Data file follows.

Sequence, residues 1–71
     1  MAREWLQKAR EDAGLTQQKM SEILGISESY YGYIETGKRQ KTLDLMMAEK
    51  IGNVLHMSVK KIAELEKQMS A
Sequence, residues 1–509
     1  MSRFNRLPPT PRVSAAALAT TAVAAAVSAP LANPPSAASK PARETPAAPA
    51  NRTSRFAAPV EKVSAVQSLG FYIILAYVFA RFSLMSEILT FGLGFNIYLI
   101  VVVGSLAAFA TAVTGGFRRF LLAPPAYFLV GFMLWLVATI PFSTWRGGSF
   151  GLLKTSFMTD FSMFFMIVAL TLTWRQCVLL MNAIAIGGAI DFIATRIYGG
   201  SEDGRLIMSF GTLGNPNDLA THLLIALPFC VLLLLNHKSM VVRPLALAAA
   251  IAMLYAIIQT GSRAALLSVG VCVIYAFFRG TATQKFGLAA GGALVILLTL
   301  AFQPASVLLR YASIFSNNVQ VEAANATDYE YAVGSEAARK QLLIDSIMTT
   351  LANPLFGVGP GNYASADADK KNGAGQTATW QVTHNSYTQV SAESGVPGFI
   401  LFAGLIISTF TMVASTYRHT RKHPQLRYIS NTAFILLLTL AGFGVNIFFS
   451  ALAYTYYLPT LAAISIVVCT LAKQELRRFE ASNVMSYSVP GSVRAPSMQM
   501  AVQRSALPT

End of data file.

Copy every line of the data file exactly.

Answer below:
Sequence, residues 1–71
     1  MAREWLQKAR EDAGLTQQKM SEILGISESY YGYIETGKRQ KTLDLMMAEK
    51  IGNVLHMSVK KIAELEKQMS A
Sequence, residues 1–509
     1  MSRFNRLPPT PRVSAAALAT TAVAAAVSAP LANPPSAASK PARETPAAPA
    51  NRTSRFAAPV EKVSAVQSLG FYIILAYVFA RFSLMSEILT FGLGFNIYLI
   101  VVVGSLAAFA TAVTGGFRRF LLAPPAYFLV GFMLWLVATI PFSTWRGGSF
   151  GLLKTSFMTD FSMFFMIVAL TLTWRQCVLL MNAIAIGGAI DFIATRIYGG
   201  SEDGRLIMSF GTLGNPNDLA THLLIALPFC VLLLLNHKSM VVRPLALAAA
   251  IAMLYAIIQT GSRAALLSVG VCVIYAFFRG TATQKFGLAA GGALVILLTL
   301  AFQPASVLLR YASIFSNNVQ VEAANATDYE YAVGSEAARK QLLIDSIMTT
   351  LANPLFGVGP GNYASADADK KNGAGQTATW QVTHNSYTQV SAESGVPGFI
   401  LFAGLIISTF TMVASTYRHT RKHPQLRYIS NTAFILLLTL AGFGVNIFFS
   451  ALAYTYYLPT LAAISIVVCT LAKQELRRFE ASNVMSYSVP GSVRAPSMQM
   501  AVQRSALPT